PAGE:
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Over the Shoulder

The grass patch

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This 1942 photo is of the asparagus field work crew of students from Sunnyside Junior High and includes Joan McCaig, Ann Stouffer, Mary Horton, Nadine Murray, Virginia Duncan, John Amundson, Dick Horton, Guy Matney and Peggy Ledingham. Standing on the ground is H. Lloyd Miller, who grew asparagus in the Sunnyside area in 1942.

Joan McCaig Crowe was raised in Sunnyside and graduated Sunnyside High School in 1946. Her husband, Warren Crowe, is a 1944 SHS graduate. The couple left the area to attend school at Washington State University. Mr. Crowe's father, Merlin Crowe, worked as a linotype operator at the Sunnyside Sun.

The couple live in Wenatchee. The following excerpt is a story Mrs. Crowe wrote as part of her involvement in the Wenatchee senior center and it appears in a book titled "Slices of Life, Stories from a Core of the Wenatchee Senior Writers' Club."

By Joan McCaig Crowe

The Yakima Valley was well known as an agricultural center and during my junior high days in 1942 everyone who could, worked in the fields and the orchards. I chose cutting asparagus which began in May and ended in the latter part of June.

Four fifteen a.m. What a time to get up! I remember arising sleepily, staggering out to the kitchen where my mother had a breakfast waiting for me of Quaker oats and a cup of steaming hot cocoa.

My working garb was a long sleeved blouse, some kind of light jacket, (which I tied around my waist when the temperature soared), slacks and a kerchief to cover my hair. No one wore dark glasses, suns hats or applied sunscreen. I wore ankle socks and cheap Keds.

After hurriedly brushing my teeth and running a comb through my hair, I waited on the darkened front porch (on Grant Road at the edge of City Park) for my good friend, Ann Stouffer, who lived up the hill. We carried our 12" sharp asparagus knives and walked briskly downtown to the post office where the truck was waiting. Seat belts? No such thing! We were crammed into the bed of the old truck practically nose to nose and had to stand up all the way out of town to the fields. It was a lark for all of us. We talked and laughed all the way. Coming home, we were quiet, tired and hungry.

Upon arriving at the SL&I (Sunnyside Land and Investment) fields, we were assigned our rows and under the watchful eyes of H. Lloyd Miller and his deputies, we began cutting. We had to make certain that we had a clean cut and the asparagus had to be an exact height and age. Woe to the cutter who had some short, fat ones or seedy pieces in their piles. When my left hand was full I placed the asparagus on the ground in a neat stack. A man and his helper in a donkey cart came along behind us and picked up the piles. Horseplay, laughter, and talking were accomplished with vigor along with trying to make decisions about the exact piece of "grass" to cut. Ann was so funny and she would always make us laugh as we fooled around. We were reprimanded many times, but H. Lloyd didn't have much choice, and I don't remember that he fired anyone.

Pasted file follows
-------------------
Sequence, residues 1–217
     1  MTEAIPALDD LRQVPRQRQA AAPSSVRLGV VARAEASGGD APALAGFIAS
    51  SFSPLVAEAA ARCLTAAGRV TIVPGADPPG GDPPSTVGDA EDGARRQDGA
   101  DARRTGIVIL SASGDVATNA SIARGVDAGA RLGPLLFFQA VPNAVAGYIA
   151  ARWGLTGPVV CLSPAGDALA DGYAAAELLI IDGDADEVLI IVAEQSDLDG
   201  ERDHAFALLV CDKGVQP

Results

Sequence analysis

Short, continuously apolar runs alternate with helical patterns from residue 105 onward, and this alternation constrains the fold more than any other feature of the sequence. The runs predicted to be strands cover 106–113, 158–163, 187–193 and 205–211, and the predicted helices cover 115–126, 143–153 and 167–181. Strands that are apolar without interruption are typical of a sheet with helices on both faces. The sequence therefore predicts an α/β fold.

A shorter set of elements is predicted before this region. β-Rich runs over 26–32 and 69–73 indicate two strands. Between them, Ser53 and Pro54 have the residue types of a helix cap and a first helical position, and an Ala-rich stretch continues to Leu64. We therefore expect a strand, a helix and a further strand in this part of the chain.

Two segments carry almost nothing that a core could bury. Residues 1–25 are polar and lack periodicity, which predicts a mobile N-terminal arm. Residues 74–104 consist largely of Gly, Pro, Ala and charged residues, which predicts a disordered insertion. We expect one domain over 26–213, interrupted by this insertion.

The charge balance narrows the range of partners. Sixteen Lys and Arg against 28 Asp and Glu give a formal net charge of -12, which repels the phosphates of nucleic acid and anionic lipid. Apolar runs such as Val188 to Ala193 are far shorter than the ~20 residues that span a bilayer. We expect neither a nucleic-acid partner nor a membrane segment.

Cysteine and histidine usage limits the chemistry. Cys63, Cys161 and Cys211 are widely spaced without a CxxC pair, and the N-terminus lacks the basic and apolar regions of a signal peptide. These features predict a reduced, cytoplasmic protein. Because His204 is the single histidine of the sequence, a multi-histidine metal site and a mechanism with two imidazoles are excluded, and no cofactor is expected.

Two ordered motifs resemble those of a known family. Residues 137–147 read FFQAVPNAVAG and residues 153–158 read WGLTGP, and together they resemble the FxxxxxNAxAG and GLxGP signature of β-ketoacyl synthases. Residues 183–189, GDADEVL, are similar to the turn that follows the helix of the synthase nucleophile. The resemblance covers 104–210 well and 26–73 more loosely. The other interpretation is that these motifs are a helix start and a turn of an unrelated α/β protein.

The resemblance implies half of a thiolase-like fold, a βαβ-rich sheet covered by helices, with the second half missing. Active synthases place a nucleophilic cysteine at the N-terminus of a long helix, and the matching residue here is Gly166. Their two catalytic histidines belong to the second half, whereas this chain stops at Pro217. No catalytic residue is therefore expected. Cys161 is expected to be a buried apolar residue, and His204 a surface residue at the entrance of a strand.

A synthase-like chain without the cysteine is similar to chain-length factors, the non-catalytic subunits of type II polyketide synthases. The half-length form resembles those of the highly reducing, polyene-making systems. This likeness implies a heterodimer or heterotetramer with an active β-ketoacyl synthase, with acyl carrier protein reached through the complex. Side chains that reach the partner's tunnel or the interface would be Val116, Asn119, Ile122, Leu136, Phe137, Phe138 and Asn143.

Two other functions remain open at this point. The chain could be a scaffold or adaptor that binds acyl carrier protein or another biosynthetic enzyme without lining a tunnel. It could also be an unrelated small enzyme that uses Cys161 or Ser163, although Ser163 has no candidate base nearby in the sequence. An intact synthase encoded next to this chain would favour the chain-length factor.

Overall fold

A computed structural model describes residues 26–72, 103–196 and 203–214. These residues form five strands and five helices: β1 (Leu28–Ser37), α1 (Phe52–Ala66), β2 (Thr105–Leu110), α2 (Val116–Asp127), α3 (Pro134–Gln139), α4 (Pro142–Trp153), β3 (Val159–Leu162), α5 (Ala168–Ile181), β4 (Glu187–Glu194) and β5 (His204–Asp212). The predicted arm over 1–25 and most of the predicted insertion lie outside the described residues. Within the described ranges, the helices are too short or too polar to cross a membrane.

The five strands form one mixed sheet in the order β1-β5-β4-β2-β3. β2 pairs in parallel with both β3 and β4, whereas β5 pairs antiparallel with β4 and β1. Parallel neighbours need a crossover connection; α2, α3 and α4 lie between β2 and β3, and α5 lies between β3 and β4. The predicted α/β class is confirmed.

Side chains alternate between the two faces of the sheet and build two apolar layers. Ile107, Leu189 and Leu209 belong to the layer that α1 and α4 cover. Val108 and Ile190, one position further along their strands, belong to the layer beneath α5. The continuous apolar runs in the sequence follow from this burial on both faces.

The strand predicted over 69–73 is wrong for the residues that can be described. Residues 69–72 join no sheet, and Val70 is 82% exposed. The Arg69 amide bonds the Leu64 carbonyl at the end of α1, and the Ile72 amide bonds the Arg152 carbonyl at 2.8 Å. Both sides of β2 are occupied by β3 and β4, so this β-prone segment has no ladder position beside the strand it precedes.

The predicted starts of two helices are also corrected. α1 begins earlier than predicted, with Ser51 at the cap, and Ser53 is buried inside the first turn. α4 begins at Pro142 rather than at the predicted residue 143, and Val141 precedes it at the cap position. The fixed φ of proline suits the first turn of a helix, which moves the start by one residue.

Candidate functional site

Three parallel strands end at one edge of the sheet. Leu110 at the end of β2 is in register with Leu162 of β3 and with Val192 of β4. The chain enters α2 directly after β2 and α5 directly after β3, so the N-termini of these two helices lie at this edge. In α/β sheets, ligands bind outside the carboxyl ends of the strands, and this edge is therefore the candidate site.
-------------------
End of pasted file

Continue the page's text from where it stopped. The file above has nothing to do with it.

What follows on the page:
We cut until 8 a.m., clamored in the truck and were deposited at the local post office. Ann and I practically ran home, as we had to bathe, dress, pack a lunch and be at school by 9:30. I bet our mothers packed our lunches. At times, when we were running late, my dad (Pete McCaig), would take us to school. Most of the time, we rode our bikes. I was the proud owner of a blue and white full-sized Schwinn.

The bonus in this undertaking was that when there was a particularly large crop, cutters were needed on the weekends. Ann and I would volunteer, cut for eight hours, and get time and half and sometimes double time. Wow--30 cents an hour!

Since my parents gave me spending money, they decided all my paychecks should go into U.S. Savings Bonds. I was fortunate, as others had to use their money to buy clothes and incidentals like ice cream.

Twelve years later when I was newly married and living in San Francisco, those savings bonds were a godsend. I still remember the forest green cloth coat I was wearing and being very nervous walking in the big bank in the "city" to cash the bonds. My parents had thought of my future. They guessed someday I might desperately need extra money.

I cut asparagus for three years. We were a tight bunch of good friends and hard workers. In this day and age, would a group of teenagers be trusted to carry those knives in a crowded truck?

Daily Sun News file photo

This 1942 photo is of the asparagus field work crew of students from Sunnyside Junior High and includes Joan McCaig, Ann Stouffer, Mary Horton, Nadine Murray, Virginia Duncan, John Amundson, Dick Horton, Guy Matney and Peggy Ledingham. Standing on the ground is H. Lloyd Miller, who grew asparagus in the Sunnyside area in 1942.

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